Example of standard feature/benefit ad copy: When you sign up with Jeff, you receive 20 hours of personal coaching with Jeff, a digital marketing guru, proprietary templates for building out great campaigns, and access to the best ad pros in the business. 

Example of outcome ad copy: “After working with Jeff, I don’t worry about my marketing anymore. I have a clear strategy and campaigns that deliver leads every day. Now, I can focus on selling cars and getting home for dinner with my family.” – Jane Client, Owner of Jane Client Car Dealership. 

The difference is that we focus on how the product is going to create a positive outcome for the customer’s life. Instead of saying we will save you time worrying about your marketing, we tell you how you can see your family more. Instead of saying Jeff is a great coach, we focus on showing a customer how she can focus on her core business when she works with Jeff. 

A great example of outcome messaging can be found in successful cosmetics campaigns. This Cover Girl campaign does not spend time listing out their ingredients and how their products make lashes longer, skin smoother or cheeks pinker. Instead, they present the aspirational woman who wears their makeup. The implication is that in order to become the confident, beautiful woman they present in the campaign, you need to wear Cover Girl makeup. Rationally, there is no connection between wearing Cover Girl mascara and living your dream life. But Cover Girl presents the desired outcome of becoming the woman in the ad. By using their cosmetics, Cover Girl is telling women that they can actually create the identity they want to have. “I am what I make up.”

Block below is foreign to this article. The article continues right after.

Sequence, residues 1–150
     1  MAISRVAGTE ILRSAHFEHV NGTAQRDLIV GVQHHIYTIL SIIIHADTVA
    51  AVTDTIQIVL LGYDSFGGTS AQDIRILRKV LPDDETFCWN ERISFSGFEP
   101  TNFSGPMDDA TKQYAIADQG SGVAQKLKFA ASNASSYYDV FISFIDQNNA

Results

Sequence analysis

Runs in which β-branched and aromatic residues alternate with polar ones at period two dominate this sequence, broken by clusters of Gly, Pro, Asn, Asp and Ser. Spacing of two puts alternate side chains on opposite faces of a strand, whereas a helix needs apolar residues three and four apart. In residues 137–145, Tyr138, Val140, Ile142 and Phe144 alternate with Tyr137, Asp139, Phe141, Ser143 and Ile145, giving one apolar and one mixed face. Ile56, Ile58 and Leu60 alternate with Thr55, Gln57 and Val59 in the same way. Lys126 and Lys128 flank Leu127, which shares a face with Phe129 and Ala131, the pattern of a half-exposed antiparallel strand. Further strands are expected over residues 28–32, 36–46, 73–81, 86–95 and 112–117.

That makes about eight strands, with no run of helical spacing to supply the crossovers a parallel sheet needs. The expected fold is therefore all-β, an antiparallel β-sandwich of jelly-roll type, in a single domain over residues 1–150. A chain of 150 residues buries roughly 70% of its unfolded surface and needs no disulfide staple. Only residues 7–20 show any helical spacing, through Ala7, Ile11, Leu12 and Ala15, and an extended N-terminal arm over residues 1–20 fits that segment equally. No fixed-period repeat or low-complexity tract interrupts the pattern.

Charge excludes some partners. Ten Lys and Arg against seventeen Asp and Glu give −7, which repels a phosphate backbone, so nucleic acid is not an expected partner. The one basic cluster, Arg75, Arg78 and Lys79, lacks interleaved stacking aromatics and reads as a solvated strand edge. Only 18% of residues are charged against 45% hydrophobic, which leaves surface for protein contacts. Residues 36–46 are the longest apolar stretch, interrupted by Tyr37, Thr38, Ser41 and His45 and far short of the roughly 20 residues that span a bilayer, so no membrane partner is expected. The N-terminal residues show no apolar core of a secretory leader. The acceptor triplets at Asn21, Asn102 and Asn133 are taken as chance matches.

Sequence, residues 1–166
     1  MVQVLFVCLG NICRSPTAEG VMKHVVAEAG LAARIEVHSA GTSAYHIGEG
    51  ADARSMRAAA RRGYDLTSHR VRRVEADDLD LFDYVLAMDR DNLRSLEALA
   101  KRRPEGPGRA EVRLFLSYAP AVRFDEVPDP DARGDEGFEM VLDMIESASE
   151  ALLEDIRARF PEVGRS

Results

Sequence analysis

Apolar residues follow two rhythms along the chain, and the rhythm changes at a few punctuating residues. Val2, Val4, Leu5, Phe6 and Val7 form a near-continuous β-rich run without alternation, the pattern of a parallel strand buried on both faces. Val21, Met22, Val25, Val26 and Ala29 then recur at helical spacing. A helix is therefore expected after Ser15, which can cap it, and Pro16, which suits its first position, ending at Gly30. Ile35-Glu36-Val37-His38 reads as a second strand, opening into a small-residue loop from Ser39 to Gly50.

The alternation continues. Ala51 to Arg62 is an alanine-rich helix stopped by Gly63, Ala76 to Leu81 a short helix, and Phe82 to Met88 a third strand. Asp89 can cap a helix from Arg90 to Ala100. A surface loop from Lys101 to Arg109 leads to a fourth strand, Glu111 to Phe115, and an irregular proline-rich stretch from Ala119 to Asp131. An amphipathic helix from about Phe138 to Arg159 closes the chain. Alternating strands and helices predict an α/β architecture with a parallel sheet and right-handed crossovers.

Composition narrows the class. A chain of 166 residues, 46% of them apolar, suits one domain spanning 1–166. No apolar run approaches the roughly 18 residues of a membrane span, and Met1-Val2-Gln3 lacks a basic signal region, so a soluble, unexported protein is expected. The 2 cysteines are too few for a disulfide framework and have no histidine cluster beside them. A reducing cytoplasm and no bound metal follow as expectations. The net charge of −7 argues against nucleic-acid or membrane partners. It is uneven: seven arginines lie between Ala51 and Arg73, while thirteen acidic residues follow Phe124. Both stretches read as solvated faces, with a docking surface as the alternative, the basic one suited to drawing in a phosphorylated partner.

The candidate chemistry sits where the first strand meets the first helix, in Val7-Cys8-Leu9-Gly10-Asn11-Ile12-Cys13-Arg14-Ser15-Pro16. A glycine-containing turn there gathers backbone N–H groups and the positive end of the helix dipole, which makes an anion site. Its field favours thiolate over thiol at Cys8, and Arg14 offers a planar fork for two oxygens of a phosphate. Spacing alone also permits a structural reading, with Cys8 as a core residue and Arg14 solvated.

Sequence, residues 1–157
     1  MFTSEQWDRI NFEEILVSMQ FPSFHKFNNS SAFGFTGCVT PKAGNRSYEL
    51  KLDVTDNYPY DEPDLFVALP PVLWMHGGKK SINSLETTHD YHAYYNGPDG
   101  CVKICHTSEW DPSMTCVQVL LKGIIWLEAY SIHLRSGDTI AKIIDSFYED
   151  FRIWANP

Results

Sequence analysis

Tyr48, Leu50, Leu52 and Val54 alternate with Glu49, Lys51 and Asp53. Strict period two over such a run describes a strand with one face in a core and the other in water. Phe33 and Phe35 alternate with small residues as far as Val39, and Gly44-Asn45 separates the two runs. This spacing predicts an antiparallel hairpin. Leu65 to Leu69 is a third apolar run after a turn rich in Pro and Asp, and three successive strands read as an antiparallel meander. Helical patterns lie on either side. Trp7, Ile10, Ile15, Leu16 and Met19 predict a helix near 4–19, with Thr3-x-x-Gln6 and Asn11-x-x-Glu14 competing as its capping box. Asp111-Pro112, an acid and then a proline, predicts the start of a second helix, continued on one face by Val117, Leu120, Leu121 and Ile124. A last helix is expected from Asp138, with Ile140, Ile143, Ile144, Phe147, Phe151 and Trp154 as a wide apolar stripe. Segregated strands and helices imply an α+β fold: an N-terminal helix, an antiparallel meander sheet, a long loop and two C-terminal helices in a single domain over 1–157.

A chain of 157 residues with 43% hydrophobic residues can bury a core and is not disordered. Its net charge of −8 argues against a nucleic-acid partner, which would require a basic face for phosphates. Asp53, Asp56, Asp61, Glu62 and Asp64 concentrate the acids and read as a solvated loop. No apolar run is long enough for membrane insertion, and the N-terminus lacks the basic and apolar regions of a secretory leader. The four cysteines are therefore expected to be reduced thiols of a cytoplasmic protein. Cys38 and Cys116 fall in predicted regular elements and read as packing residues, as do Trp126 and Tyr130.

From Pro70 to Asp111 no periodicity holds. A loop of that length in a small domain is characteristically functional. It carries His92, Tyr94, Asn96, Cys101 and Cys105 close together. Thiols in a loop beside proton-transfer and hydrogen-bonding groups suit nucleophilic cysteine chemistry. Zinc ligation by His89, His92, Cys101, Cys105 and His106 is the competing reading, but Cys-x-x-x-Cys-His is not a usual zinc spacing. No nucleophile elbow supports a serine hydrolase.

Once you know what your target customer’s desired outcome message is, using the tools of digital advertising becomes a lot easier. We can quickly knock out the demographics and psychographics of the customer, and find the best tools to share the outcome message with them. 


The woman in this Cover Girl campaign is a #GirlBoss, running meetings, lifting heavy weights at the gym, talking to handsome men at chic bars, and generally living a glamorous life. The sale is about the outcome, not the features and benefits. And that is why it is powerful.

All of the tools of digital marketing are asking the same questions – 

  • Who is your customer?
  • What do they want?
  • How can your product improve your customer’s life?
  • Where do they hang out?
  • What do they like?

After you have answered these big questions, working with someone who knows their way around the technology is helpful. But all a good PPC advertising consultant is doing is using the answers to these questions to build out messages, creative, and audiences to test. Once you know your customer’s desired outcome, the hard part is over. 

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How Outcome Advertising Changes The Game

All of the tools of digital marketing are asking the same questions –
Who is your customer?
What do they want?
How can your product improve your customer’s life?
Where do they hang out?
What do they like?